2016 MacArthur Fellows Feature

The MacArthur Foundation announced its 2016 MacArthur Fellows Thursday and four African Americans with a diverse skillset are among the 23 people named to the fellowship and who will receive $625,000 “genius grants” for their work, which is judged by the organization to be changing the landscape of their respective fields and advancing our understanding of the world.

“While our communities, our nation, and our world face both historic and emerging challenges, these 23 extraordinary individuals give us ample reason for hope. They are breaking new ground in areas of public concern, in the arts, and in the sciences, often in unexpected ways. Their creativity, dedication, and impact inspire us all,” said MacArthur President, Julia Stasch. Meet them below.

Claudia Rankine

Claudia Rankine, 2016 MacArthur Fellow, New York, New York, September 7, 2016

Claudia Rankine, 2016 MacArthur Fellow, New York, New York, September 7, 2016

A poet from New Haven Connecticut, Claudia’s book Citizen, focuses on the emotional and psychic toll of the everyday racism encountered by African Americans and has become part of the national conversation around race and policing.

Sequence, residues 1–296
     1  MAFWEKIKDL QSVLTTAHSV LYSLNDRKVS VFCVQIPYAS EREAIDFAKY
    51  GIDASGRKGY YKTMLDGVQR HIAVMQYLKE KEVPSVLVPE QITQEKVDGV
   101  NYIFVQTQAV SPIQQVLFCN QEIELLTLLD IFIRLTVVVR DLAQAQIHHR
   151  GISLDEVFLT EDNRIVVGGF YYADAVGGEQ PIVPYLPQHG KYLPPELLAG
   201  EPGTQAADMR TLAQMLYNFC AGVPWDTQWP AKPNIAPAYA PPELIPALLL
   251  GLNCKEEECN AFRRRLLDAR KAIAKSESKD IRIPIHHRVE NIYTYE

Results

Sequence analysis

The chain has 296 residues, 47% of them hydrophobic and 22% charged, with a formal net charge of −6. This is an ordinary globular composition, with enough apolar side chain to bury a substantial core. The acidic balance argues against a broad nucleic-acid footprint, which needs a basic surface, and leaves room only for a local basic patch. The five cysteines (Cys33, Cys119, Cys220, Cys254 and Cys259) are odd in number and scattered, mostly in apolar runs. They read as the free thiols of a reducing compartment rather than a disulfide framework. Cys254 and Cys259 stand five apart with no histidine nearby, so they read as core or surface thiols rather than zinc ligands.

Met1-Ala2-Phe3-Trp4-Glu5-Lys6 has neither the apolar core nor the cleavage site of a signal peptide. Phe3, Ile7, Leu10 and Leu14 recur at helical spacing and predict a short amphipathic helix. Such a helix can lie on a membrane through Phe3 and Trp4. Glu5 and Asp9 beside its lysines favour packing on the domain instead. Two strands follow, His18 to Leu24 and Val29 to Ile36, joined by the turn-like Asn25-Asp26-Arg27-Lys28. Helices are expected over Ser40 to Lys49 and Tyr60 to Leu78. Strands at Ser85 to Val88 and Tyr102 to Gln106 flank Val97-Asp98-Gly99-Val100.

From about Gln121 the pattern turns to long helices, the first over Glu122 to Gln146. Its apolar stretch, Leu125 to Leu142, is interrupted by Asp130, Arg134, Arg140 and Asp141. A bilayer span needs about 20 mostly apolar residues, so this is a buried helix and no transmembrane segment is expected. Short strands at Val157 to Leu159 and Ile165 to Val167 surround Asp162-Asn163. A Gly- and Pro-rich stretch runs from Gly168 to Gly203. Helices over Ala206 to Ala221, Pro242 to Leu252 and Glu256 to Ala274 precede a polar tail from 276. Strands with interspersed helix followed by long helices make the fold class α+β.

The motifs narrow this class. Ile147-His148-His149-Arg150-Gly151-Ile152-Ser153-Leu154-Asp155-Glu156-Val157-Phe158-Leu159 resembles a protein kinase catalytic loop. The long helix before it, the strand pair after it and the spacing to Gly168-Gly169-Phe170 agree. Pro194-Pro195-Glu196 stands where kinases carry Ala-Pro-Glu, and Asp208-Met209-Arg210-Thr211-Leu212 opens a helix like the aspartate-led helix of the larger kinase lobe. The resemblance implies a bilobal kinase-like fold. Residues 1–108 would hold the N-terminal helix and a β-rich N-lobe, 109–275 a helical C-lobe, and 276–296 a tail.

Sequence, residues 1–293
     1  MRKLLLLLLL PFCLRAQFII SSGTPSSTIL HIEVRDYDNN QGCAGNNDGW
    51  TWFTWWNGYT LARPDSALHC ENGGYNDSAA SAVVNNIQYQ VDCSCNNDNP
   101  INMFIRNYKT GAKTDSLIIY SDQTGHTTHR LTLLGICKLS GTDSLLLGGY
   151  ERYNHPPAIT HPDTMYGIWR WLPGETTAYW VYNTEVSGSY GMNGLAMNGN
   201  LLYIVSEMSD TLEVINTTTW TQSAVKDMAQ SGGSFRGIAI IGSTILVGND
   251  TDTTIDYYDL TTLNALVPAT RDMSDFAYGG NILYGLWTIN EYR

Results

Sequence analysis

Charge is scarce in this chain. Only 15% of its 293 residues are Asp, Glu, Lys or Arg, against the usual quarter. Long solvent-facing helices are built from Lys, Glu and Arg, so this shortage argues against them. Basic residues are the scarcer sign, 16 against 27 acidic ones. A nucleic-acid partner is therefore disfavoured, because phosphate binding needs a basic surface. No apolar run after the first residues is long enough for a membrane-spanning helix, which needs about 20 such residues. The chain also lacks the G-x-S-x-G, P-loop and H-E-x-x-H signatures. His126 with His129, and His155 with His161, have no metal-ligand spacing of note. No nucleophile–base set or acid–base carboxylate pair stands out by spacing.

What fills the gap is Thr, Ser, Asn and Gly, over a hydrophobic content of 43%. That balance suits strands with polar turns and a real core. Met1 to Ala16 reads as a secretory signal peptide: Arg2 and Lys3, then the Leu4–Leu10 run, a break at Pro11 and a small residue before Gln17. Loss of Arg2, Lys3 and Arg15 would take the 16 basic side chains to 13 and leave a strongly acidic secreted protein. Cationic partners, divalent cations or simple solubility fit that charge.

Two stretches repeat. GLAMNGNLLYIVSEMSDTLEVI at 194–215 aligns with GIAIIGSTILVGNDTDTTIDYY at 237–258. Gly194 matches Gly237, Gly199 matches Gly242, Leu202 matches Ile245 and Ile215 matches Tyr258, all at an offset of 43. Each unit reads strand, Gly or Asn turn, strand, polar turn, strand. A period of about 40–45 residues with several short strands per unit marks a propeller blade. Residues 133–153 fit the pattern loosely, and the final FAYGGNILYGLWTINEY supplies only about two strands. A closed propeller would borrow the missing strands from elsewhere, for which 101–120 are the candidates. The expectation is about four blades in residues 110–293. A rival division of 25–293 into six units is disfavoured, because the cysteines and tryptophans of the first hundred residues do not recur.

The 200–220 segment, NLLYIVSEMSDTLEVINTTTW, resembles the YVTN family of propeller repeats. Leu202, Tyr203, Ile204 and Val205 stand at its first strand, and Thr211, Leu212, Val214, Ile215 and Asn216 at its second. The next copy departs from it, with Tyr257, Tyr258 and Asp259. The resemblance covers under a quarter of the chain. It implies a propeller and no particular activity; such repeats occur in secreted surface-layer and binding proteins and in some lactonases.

Branden Jacobs-Jenkins

Brandon-Jacobs-Jenkins-2016 MacArthur Fellows

Branden Jacobs-Jenkins, 2016 MacArthur Fellow, New York, New York, September 6, 2016

The New York playwright has examined race and class issues in stage plays that are described as  “risky,” and “unconventional.” His plays include An Octoroon, Neighbors, Appropriate, in which siblings discover their father’s association with the Ku Klux Klan. His new play Everybody will premiere at the Signature Theatre in January 2017.

Kellie Jones

Kellie Jones, 2016 MacArthur Fellow, New York, New York, September 9, 2016

Kellie Jones, 2016 MacArthur Fellow, New York, New York, September 9, 2016

A New York based art historian and curator bringing the work of critically important, but under-recognized, black artists into the canons of modern and contemporary art. Her work also shifts our understanding of the history of Black activism through demonstrating the role of art and performance in the Civil Rights Movement.

Joyce Scott

Joyce Scott-2016-McArthur-Fellows

Artist Joyce J. Scott at her home in Baltimore, Maryland, Monday, September 12, 2016. (Credit: John D. and Catherine T. MacArthur Foundation)

A Baltimore-based jewelry maker, her work focuses on social injustices and depicts the violence that comes from racism and sexism, including rape, lynching, and domestic violence. Her jewelry is more than an accessory; it causes the viewer, and the wearer, to become part of the narrative and commentary on racial stereotypes and violence embedded in the piece.



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